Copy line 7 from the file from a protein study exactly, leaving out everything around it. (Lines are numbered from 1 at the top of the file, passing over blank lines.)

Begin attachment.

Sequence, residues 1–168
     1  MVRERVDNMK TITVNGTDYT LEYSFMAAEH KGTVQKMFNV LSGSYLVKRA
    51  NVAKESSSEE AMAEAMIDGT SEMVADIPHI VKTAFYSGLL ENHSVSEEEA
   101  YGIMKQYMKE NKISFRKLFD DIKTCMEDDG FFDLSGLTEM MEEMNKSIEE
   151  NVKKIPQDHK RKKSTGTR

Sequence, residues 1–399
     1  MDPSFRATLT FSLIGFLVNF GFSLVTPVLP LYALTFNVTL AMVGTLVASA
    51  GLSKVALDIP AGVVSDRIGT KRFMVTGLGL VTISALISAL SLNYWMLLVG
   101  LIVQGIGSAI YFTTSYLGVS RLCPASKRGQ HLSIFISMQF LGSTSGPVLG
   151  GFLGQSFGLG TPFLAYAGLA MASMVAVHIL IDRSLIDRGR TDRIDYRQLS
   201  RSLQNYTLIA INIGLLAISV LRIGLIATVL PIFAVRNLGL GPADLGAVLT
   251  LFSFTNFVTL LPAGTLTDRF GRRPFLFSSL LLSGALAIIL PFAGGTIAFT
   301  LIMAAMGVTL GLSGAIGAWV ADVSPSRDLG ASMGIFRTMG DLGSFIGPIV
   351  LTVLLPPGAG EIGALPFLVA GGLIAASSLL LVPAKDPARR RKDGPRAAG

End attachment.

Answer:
     1  MDPSFRATLT FSLIGFLVNF GFSLVTPVLP LYALTFNVTL AMVGTLVASA